Seriously, I think the internet makes it both more difficult and less. It depends on who you are. For example, if a BBW wondered about what Ben said in his post, but never met an FA willing to talk about it....there could be less understanding. On the other hand, there are things posted here that probably most of us wish we never had to contemplate in terms of creepiness or other things. That's what I meant earlier when I said some of the FA posts that seem callous, even if moderated, they're out there and become part of the Dims collective psyche. Now if a BBW or BHM only knew fat admirers from befriending or dating them in real life, they would view all fat admirers through the prism of that person and A LOT would be riding on that one person's personality. So, it's tough to say. It would depend on individual experiences, I think.

As for the patronizing pity issue, this is where I think there is a real disconnect. I think a lot of times it comes across that way, but it really is from a place of fear or denial on the part of the F/FA. Chicken legs post about healthy super sized people is definitely true, but the flip side is coming on to Dims after a SSBBW has passed on, or some other issue. It can really shake up an F/FA. A lot (certainly NOT all) of us have wrestled with feeling like monsters. After time spent here or in real world situations, it usually goes away, but initially I think a lot of fat admirers DO feel responsible for if not actually possessive of the fat partner's fat. It's ridiculous, of course, but emotions aren't logical. Then, the fat admirer gets all caught up in the fear, self loathing, etc and it can take a while to get to a place of ease. But some never get there. Or some get there and still fear for the future. Or they have had past experiences that reinforced their fears. It can all be very confusing. When I read a lot of the overzealous posts from F/FAs that seem to brush off a health concern, I read denial, denial, denial. Whereas, they would be better off most likely facing the fears, going through the guilt and coming out the other side more adjusted. But while I applaud Chicken legs' balanced perspective, I think it is the rare F/FA who comes to that conclusion right away. I think one way or another we either wallow or deny. But again, I don't think it's from a place of pity. I always think it comes from the basic question (and please no one flame me, I'm not saying I agree with this) "What if society IS right? What if being fat IS unhealthy?" I think there can be those doubts. I think those doubts can be buried so far down that a fat admirer may not even have any idea that they have them. But on some visceral level it causes a gut reaction and leads to strange posts. Add to that that a thin/ner fat admirer doesn't have first hand experience and so we don't actually know how it is to be fat. Sure, there are many healthy fat people here. But there are also some who aren't or who aren't happy with their weight still. So for an F/FA that can seem disorienting I think....sometimes. At least as they're sorting it out. And different fat admirers will come to different conclusions. Some will end up totally well adjusted, some will live their lives in guilt, some will go into denial. The denial group was who I was particularly addressing. They don't get talked about much.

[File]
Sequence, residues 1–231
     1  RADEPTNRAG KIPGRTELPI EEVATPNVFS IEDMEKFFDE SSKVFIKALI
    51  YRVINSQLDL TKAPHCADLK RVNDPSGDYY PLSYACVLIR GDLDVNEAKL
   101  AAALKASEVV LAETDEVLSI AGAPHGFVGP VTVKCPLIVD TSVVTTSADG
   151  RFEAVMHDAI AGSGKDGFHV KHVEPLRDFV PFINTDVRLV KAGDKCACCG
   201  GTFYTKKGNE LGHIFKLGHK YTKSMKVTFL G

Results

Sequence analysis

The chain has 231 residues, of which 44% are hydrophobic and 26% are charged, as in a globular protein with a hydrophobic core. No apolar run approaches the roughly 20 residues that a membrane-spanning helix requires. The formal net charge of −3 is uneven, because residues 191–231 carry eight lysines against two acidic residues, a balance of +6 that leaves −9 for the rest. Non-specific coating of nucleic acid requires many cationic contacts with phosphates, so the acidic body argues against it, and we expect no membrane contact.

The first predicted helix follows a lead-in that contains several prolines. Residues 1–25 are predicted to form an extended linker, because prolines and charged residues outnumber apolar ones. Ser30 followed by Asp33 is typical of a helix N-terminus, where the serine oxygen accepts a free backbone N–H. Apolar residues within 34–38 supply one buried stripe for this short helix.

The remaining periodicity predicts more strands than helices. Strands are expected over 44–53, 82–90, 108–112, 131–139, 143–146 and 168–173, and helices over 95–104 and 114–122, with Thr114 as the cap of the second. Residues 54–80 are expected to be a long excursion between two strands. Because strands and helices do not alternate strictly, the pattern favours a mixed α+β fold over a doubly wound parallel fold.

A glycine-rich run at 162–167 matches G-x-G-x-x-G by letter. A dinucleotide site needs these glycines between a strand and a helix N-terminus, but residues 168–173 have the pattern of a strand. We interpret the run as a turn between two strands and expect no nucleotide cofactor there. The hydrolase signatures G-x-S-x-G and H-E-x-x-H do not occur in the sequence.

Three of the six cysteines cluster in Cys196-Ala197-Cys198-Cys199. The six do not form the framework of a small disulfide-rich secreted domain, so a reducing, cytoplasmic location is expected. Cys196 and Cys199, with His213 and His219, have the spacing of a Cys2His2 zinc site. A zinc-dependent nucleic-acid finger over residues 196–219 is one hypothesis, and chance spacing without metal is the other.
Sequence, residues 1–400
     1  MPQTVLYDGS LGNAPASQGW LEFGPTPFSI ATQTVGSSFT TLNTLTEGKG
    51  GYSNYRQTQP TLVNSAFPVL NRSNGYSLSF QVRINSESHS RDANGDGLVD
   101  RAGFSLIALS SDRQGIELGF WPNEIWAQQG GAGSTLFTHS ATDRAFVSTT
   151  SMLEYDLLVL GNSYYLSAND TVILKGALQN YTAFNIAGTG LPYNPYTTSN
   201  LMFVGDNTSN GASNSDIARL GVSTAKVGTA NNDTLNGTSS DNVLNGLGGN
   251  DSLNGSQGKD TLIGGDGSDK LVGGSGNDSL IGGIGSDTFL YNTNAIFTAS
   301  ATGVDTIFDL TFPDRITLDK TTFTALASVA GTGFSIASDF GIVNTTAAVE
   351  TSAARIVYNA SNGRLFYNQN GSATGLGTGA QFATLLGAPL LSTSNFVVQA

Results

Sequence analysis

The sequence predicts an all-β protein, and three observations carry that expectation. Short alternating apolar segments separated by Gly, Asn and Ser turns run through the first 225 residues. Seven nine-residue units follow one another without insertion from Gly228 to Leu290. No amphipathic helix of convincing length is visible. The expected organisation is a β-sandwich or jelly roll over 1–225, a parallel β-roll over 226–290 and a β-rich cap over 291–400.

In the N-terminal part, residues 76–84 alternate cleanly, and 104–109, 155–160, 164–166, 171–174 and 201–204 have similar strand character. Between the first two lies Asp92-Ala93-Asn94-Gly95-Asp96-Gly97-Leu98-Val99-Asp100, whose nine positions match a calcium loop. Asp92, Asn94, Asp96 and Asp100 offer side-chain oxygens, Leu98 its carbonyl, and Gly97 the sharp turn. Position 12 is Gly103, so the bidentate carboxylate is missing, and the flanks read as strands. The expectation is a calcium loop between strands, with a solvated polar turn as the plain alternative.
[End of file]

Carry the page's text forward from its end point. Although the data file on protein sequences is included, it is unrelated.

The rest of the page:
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Old 10-05-2009, 11:29 AM   #33
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I've looked as best I'm able and I don't honestly feel either pity or guilt enter significantly into what I've experienced. I definitely don't feel I've "wallowed" in anything. I'd give my left nut not to have to deal with such health/coping issues as living with a SSBBW presents. I don't get any juice or feel noble for dealing with it. It's just what's there to do when you love someone.

There were a LOT of other things wrong with my marriage that had nothing to do with her size. Her inability to care for herself made leaving more difficult, both emotionally and financially, but it didn't make it less necessary. I'm not especially emotionally aware but I'm pretty sure all I ever felt in response to my ex's health and mobility issues was normal concern for another human being? Someone you care about hurts or struggles and your heart goes out to them. Is there something wrong with that? Is expressing it somehow offensive to people here?

Maybe I'm being overly sensitive but as I read through this thread it feels like some expect FA's to just be oblivious to our partners reality. Robert Heinlein defined love as "that state of existence wherein another persons happiness and well-being becomes essential to your own." What do you do when someone's key source of happiness (food) is damaging their well-being beyond repair? I've made my choice and I'll live with it. I'm not criticizing anyone who chooses differently but I hope my perspective can be accorded at least some understanding, if not respect.